Goondu review: Sony Smart B-Trainer

July 5th, 2015 | by Alfred Siew
Goondu review: Sony Smart B-Trainer


To track your workouts, you can wear a smart watch or strap a smartphone on your arm during a jog. Now, there are also do-it-all smart earphones, like Sony’s Smart B-Trainer.

The Japanese electronics firm seems to have taken its self-contained sports earphones and added a host of sensors into them to come up with the new fitness tracker.

Hung around your head like a sports band, the Smart B-Trainer not only pipes music into your ears but also measures your heart rate, maps your run (using a GPS sensor and compass), checks your elevation and even measures workout conditions (through a barometer).

The six types of sensors give you the usual data you are already used to collecting on your smartphone. These include stuff like burned calories, distance, cadence and running route.

All this would not have been so impressive if Sony hadn’t cramped the features into a waterproof device weighing just 43 grams.

The Smart B-Trainer doesn’t weigh down on your ears too much. Sony has smartly used the bendable cable that wraps around your head to bear some of the weight, relieving your ears.

Still, the difference is clearly obvious if you, like I, have been using lightweight Bluetooth earphones such as the 25-gram Jabra Sport Wireless+. Lighter earphones are still more comfortable on your ears.

Of course, you’d need a separate smartphone or MP3 player for that. With the Smart B-Trainer, you just pick up your smart earphones and step out of your house for a run.

As a music player, it comes with 16GB of storage for music. Separately, it can also connect via Bluetooth to smartphones or supported iPods.


What I like, in particular, is how easy it is to get started. Even if you haven’t got time to transfer your own music to the Smart B-Trainer via a PC, the workout tracks onboard give you a nice boost, as I experienced during my runs.

The constant audio feedback is particularly useful. Clearly, Sony has spent some time making the canned messages, like how far you have jogged, sound as human as possible. A flat synthesized voice is sure to slow you down.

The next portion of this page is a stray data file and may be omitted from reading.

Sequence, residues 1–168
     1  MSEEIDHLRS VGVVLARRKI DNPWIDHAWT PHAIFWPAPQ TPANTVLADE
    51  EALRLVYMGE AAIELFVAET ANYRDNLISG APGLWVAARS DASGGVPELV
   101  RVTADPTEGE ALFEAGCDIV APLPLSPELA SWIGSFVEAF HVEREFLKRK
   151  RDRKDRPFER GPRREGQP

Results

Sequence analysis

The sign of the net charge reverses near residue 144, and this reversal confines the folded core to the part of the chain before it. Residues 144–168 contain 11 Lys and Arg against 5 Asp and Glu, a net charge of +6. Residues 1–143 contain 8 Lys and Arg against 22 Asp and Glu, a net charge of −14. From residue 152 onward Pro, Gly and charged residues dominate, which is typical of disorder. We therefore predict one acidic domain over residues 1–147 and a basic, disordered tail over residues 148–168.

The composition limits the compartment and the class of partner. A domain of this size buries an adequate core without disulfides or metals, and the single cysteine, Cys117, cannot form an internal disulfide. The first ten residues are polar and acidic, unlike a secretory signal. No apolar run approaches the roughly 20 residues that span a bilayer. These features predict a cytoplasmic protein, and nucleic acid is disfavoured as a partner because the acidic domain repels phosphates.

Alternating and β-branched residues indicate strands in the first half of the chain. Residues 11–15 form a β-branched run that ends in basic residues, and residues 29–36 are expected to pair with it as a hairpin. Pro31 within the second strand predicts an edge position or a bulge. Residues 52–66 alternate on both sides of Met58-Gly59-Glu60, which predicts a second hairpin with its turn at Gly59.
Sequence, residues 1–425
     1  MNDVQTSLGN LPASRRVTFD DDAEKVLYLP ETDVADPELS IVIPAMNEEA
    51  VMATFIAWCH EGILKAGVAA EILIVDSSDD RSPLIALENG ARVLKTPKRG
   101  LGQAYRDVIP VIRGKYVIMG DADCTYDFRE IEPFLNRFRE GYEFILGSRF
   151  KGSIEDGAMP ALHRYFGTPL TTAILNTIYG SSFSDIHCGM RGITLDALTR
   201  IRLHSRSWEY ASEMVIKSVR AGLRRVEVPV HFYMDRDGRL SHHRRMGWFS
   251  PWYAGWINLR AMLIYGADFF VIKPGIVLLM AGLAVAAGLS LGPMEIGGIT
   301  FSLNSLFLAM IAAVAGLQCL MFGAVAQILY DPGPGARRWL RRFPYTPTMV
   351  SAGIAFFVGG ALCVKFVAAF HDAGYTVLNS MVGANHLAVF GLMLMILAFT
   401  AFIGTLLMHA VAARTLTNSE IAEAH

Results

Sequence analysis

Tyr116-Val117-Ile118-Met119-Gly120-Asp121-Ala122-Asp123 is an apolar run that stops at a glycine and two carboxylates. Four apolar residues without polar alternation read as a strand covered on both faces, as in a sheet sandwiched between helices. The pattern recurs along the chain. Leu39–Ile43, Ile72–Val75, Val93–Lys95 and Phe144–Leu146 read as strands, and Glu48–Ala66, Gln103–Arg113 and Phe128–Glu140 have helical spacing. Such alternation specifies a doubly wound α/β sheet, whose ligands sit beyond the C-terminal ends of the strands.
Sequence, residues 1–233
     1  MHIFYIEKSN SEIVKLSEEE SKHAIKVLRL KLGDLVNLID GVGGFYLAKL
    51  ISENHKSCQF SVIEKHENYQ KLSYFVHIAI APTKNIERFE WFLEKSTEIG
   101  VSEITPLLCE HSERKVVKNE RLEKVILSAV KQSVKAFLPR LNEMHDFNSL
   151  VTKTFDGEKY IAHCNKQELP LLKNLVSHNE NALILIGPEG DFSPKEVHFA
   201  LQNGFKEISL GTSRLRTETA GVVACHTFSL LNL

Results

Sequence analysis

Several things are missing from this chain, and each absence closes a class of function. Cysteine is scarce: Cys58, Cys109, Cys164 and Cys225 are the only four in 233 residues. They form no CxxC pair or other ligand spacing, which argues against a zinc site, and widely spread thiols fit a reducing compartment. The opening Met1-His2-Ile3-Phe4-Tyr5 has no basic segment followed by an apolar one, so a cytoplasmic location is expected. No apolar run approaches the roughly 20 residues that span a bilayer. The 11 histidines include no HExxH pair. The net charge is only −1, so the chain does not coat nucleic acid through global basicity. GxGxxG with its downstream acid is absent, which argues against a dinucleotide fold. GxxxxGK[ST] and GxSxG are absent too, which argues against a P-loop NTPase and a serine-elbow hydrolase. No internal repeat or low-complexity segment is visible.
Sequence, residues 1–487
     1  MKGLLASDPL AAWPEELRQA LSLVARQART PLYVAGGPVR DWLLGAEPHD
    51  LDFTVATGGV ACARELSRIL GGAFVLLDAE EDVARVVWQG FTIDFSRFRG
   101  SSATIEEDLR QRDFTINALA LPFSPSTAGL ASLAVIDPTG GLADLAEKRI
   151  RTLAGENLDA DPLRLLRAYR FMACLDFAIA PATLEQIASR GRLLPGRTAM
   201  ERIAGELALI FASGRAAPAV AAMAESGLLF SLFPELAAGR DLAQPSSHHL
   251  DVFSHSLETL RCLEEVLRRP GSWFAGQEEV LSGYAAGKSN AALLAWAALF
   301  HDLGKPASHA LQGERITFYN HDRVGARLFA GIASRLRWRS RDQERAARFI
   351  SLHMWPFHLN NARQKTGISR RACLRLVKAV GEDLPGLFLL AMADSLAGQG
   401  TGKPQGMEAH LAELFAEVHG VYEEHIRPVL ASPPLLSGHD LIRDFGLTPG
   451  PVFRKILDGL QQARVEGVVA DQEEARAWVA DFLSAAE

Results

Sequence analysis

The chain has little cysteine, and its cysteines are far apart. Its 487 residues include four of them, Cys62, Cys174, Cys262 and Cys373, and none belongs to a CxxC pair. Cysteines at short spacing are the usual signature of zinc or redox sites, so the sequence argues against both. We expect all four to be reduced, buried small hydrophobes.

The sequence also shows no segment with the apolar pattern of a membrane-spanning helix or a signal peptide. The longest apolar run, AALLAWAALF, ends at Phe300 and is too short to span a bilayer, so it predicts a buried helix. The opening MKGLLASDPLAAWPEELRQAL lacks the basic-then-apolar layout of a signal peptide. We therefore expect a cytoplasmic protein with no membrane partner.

The distance measured, going by my usual route, is also pretty accurate. As is usual with some GPS sensors, the Smart B-Trainer’s took a few minutes to get a fix on my position during a recent run.

Yet, despite just tracking distance without a GPS lock-on for the first 1km, the device was accurate overall in correctly measuring my entire 4km workout. It got the distance right.

The heart rate monitor, located in the right ear piece, can be a little fussier. If you adjust its placement during a run, you might be told that a signal is missing, only to get it back in the next few seconds.

Still, where it mattered, I think the Smart B-Trainer was pretty accurate. During a recent run, it told me my heart was pumping at up to 181 beats per minute during the last part of a run.

That was about right, because I was panting hard. I’m almost 41 years old so taking the “220 minus your age” formula, my “close to exhaustion” heart rate should be about 179.


Yet another thing I like is the many buttons on the Smart B-Trainer, which help you interface with it without a screen. The workout button, in metal to stand out from the rest, gets your workout started and lets you pause or end a session.

What’s handy is an “information” button that gives you instant guidance on how you’re doing in terms of pace and distance, for example. If you are training hard – unlike me – you will find it useful to know how you’re doing at any one time.

After your runs, you simply connect your fitness device to your smartphone through a Sony app. This gives you details like distance, time, pace, calories burnt and steps taken.

Interestingly, you don’t need to hook up to a PC unless you want to update your Smart B-Trainer’s firmware. Sony essentially treats the fitness gadget like a smart watch that hooks up mostly to your phone.

If there’s one word of caution about the Smart B-Trainer, it’s that it won’t work well in the pool. Well, not for your laps anyway.

Despite being waterproof, the ear buds can get pushed hard into your ears and get quite uncomfortable when you go underwater, thanks to the added pressure. Plus, things sound a little too bass-heavy when below the surface.

For this, I’d go with specialised gear that rely on bone conduction rather than playing music through your ear drums to counteract the effects of water. The Finis Nepture is one such device.

For your runs, I’d still say the Smart B-Trainer is a great piece of kit. It’s to Sony’s credit that it has managed to address obvious issues such as usability and weight, despite packing in so many sensors.

However, users still have to be convinced to pay S$399 for a device to replace that strap-on smartphone and earpiece that they may have already got comfortable with.


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